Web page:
What's New
Speeches & Articles
Newsletter - Mar 2012
Contact Information
Photo Album
Parliamentary Highlights
MEPs' Transparency

The Freedom Association
Visit the
Freedom Association

Parliamentary Highlights

This is for people who want more information on actual reports/legislation going through the Parliament.

Summary of Strasbourg Session (2-5 June 2003)

Members Statute - Rothley Report

The European Parliament voted in favour of a Common Statute for MEPS. The decision contains the text of a draft Statute for MEPs and thus covers a number of highly contested issues. On the issue of salaries (the Members' "allowance"), MEPs, including British Liberal Democrats, voted in favour of a salary equivalent to 50% of the basic salary of a judge at the European Court of Justice (article 16). At present, the figure would be around €8.500 per month (or €102.000 per year).

On the other key issue of taxation (article 18), Parliament, including British Liberal Democrats, voted in favour of giving MEPs the favourable European tax, which exempts them from national taxation and National Insurance.

Jonathan Evans MEP said: "We have consistently stated that the pay of a British MEP should be equal to that of an MP in Westminster. We are also determined to ensure that MEPs pay the same tax as their constituents. For these reasons we could not support the proposals."

Regional Free Trade Areas - Mann Report

Parliament adopted an own-initiative resolution which examines the relationship between various regional free trade areas and the multilateral trading system of the WTO. The resolution argues that the different forms of regional integration, of which free trade areas are one, are not intended purely to eliminate customs duties but are also an instrument which serves geopolitical and strategic ends.

Internal Energy Market - Turmes, Rapkay, Mombaur Reports

The European Parliament adopted three legislative resolutions on the internal energy market.

Following several rounds of tri-logue talks, the Council has modified its common position, enabling compromises to be reached. A deal has been agreed on national regulatory authorities, ensuring that these will contribute to the development of the internal market and create fair competitive conditions. The need for close, transparent co-operation between these authorities and the Commission is spelt out. Parliament also succeeded in its demand that the Commission should report regularly to Parliament on the detailed provisions on labelling. In addition, where appropriate, the Commission must submit proposals to Parliament to ensure full and effective independence of distribution system operators before 1 July 2007.

Giles Chichester MEP said "This package of directives on gas and electricity for common rules in the internal market and a regulation on cross-border trading and access to networks for electricity is a big step forward in liberalising energy markets within the EU. Legal unbundling of transmission systems, rules on access for generators to the grid and setting tight deadlines for markets to be opened to give all consumers, business and domestic alike choice of supplier all represent a significant advance on the existing situation. The UK, of course, completed full liberalisation of energy markets long ago under Conservative policies and our national interest lies in opening up markets for our energy companies across the continent."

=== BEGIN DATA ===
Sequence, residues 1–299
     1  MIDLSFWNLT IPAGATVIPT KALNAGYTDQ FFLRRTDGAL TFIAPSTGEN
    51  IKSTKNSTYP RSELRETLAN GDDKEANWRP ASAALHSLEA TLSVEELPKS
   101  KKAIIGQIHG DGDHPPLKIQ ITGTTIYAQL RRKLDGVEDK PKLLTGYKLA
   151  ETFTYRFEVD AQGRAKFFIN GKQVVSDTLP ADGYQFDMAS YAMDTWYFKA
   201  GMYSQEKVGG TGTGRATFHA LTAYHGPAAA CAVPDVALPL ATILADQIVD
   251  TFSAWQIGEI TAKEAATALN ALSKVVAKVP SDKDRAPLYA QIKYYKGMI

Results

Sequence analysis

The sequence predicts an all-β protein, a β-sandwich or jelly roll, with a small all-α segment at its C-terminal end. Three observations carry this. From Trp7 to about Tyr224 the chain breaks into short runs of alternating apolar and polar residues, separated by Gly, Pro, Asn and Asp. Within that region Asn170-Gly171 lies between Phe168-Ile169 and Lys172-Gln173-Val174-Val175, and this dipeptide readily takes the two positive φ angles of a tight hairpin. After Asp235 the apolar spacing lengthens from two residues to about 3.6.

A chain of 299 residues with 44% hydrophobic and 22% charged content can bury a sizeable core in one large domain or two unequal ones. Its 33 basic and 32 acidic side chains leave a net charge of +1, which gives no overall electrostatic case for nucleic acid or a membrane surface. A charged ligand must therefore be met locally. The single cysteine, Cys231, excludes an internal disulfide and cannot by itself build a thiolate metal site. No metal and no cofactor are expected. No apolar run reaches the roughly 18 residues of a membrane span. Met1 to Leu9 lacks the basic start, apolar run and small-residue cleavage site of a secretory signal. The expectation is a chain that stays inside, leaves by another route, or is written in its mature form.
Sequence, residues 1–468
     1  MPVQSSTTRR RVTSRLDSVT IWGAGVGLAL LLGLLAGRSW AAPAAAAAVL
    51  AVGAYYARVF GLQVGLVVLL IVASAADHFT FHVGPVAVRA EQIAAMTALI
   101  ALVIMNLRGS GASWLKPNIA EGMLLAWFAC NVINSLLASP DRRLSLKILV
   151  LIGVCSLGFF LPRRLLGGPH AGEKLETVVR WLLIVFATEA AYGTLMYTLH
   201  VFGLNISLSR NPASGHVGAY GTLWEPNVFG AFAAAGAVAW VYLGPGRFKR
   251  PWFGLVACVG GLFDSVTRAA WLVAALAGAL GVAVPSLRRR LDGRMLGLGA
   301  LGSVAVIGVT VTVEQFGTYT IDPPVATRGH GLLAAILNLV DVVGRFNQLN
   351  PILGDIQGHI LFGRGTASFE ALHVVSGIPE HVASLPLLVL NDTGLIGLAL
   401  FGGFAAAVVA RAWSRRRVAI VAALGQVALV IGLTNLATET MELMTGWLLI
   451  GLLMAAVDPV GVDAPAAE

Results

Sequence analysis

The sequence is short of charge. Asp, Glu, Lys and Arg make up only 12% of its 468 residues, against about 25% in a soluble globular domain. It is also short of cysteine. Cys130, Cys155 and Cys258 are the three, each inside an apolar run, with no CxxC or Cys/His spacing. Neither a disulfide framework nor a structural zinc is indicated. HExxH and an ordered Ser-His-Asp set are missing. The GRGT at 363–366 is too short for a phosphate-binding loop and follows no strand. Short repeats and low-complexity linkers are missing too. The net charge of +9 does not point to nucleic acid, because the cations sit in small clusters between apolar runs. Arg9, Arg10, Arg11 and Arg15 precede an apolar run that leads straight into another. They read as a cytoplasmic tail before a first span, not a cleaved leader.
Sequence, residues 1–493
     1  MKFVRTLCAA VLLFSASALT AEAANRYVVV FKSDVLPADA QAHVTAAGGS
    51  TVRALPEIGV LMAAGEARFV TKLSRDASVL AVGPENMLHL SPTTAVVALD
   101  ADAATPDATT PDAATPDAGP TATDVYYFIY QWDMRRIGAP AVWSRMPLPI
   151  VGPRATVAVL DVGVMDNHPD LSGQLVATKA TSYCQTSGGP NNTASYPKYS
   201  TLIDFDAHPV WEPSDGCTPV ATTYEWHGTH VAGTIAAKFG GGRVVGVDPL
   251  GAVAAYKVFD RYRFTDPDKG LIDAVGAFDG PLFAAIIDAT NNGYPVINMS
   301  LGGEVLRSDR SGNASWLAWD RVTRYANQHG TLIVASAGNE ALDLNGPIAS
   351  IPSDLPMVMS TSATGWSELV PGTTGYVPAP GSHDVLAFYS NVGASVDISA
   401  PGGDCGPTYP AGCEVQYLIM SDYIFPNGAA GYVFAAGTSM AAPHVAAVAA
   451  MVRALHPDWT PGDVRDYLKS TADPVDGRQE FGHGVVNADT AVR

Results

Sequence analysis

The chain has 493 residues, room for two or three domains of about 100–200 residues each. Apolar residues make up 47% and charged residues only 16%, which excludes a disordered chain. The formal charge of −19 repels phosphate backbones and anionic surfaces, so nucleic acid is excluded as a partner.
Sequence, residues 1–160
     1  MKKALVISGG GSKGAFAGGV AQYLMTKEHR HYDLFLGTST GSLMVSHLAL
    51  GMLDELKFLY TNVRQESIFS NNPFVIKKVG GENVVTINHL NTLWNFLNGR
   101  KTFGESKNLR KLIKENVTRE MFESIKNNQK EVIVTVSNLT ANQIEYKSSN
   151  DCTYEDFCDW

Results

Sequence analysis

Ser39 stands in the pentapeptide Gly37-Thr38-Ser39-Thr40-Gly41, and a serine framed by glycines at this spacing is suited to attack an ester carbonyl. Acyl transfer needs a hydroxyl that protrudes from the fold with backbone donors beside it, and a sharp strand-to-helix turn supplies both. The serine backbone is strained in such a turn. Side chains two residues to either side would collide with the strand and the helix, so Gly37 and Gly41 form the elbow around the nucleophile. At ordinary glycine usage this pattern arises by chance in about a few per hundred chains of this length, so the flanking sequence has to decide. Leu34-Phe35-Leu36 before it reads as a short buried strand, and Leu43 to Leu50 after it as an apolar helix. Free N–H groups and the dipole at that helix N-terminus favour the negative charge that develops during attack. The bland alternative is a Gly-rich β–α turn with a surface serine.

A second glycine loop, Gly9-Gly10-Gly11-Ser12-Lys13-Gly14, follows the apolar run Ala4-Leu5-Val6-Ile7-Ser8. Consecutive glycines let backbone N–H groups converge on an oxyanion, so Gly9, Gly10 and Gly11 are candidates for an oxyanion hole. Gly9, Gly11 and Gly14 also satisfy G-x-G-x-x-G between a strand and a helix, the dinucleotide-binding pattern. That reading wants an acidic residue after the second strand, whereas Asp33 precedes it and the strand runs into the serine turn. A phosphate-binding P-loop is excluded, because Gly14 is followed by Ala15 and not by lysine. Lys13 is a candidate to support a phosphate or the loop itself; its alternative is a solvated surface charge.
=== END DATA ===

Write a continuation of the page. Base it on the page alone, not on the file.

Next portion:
Forthcoming IGC - Commission Statement

Jonathan Evans MEP spoke in the debate on the forthcoming IGC, which will discuss the proposed EU constitution among other things.

He said that he saw the discussions leading to more centralisation and less democracy with fundamental changes to the second and third pillars i.e. foreign policy and home affairs. Furthermore, with the inclusion of the Charter and the proposal for a public prosecutor, this was far more than a "tidying up exercise". He called again on the UK Government to hold a referendum on the issue.

MEDA 2000 - Piétrasanta Report

The European Parliament adopted an own-initiative report on the MEDA programme for 2000.

The MEDA programme is the principal financial instrument of the European Union for the implementation of the Euro-Mediterranean Partnership. The programme offers technical and financial support measures to accompany the reform of economic and social structures in the Mediterranean partner countries.

EU-USA Judicial Co-operation - Hernández Mollar Report

The European Parliament adopted a non-binding recommendation to the Council on the imminent EU-USA agreements on extradition and judicial co-operation in criminal law matters. Under Article 24 of the EU Treaty, these agreements will be concluded on the EU side by the Council acting alone. Parliament calls the Council's practice of excluding national parliaments and the European Parliament from the conclusion of agreements based on Article 24 "a flagrant breach of the democratic principle on which the Union claims to be founded".

MEPs insist the US should co-operate by handing over evidence in individual cases. This would enable European citizens who have committed a crime on European territory to be tried in their own country instead of being extradited to the US.